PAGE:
Biopesticides based on entomopathogenic fungi are now available, with a range of different species and strains used.
The growing use of these insect pathogens has raised interest in the safety of microbial pesticides, above the level previously required for registration purposes. This increased scrutiny of environmental and mammalian safety of entomopathogenic fungi is part of a worldwide move to more awareness of potential negative impacts of biotechnology. Few of the entomopathogenic fungi are thought to pose a direct threat to human health. There are exceptions, such as the entomophthoralean fungus, Conidiobolus coronatus, but it is unlikely any development of the potentially hazardous strains would be contemplated. Many products have required mammalian toxicology packages to be submitted during the registration process to demonstrate safety. Generally, the entomopathogenic Deuteromycetes are considered to have low risk of mammalian toxicity [e.g., Donovan-Peluso et al. (1980) and Shadduck et al. (1982)]. Recent papers on Metarhizium and Beauveria have raised some issues regarding mammalian safety of immunocom-prised individuals (Burgner et al. 1998; Henke et al. 2002).
In addition to viewing bioactives from entomopathogenic fungi as potentially useful, there has been consideration of their effect as potential hazards in registering entomopatho-genic fungi. There are some results showing activity against human cell lines, such as tumor cell lines for P. tenuipes cytotoxic components (Nam et al. 2001). Production of toxic secondary metabolites has caused problems in the registration of some fungi in Europe. Strasser et al. (2000) summarizes data on specific secondary metabolites (destruxins, efra-peptins, oosporein, beauvericin, and beauveriolides) produced by the genera Beauveria, Metarhizium, and Tolypocladium. They found that fungal bioactives posed no obvious risk to humans, although the number of detailed studies is limited. Some studies have indicated low-level activity against animals of selected bioactives such as destruxins of Metarhizium have an intraperitoneal injection LD50 of 1-16mg/kg in mice. However, the levels of metabolites produced during insect infection were much lower than in culture.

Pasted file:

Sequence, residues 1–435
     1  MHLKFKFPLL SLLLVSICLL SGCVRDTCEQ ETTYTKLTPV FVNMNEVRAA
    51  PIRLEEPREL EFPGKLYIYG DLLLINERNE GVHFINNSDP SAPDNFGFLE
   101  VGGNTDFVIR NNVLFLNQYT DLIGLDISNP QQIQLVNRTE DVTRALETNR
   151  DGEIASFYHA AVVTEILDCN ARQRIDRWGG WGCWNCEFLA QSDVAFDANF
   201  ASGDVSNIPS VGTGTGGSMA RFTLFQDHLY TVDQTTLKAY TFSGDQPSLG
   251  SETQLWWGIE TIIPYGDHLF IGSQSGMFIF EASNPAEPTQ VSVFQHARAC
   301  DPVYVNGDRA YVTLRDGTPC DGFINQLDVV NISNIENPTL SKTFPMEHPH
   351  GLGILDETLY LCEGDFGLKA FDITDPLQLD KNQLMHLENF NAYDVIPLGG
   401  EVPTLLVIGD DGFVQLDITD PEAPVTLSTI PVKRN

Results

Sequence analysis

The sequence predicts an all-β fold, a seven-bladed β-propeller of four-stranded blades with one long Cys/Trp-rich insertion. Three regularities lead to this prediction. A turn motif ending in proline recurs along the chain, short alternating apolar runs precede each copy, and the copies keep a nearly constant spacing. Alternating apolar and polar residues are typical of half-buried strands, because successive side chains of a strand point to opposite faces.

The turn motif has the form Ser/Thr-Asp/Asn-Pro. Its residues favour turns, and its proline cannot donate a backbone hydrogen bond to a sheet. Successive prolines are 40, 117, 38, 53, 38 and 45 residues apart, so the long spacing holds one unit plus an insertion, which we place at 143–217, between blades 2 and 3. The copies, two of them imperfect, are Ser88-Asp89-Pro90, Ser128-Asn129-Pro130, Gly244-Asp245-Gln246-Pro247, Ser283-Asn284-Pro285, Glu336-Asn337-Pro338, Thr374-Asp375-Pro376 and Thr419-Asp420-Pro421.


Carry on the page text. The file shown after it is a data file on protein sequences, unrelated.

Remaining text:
There is a growing body of research on nontarget impacts of fungal-based insecticides [e.g., Goettel et al. (2001) and Hokkanen and Hajek (2002)], which have not found increased environmental risk from their use. The present evidence is that mycoinsecticides are very safe in production and use from both an environmental and mammalian toxicity viewpoint (Goettel et al. 2001). However, the formulations being developed require stringent testing to ensure their superior safety compared with comparable chemical pesticides (Moore and Prior 1993). While the fungi themselves have generally not been found to be a risk through testing and natural exposure, the development of novel formulations and strain combinations will require careful evaluation to ensure no unexpected effects occur. This could be especially true of nontarget impacts. Similarly, any development of genetically modified strains will have to be carefully studied for environmental and mammalian safety. Regulations in all countries are becoming more stringent on these issues, especially for genetically modified organisms.
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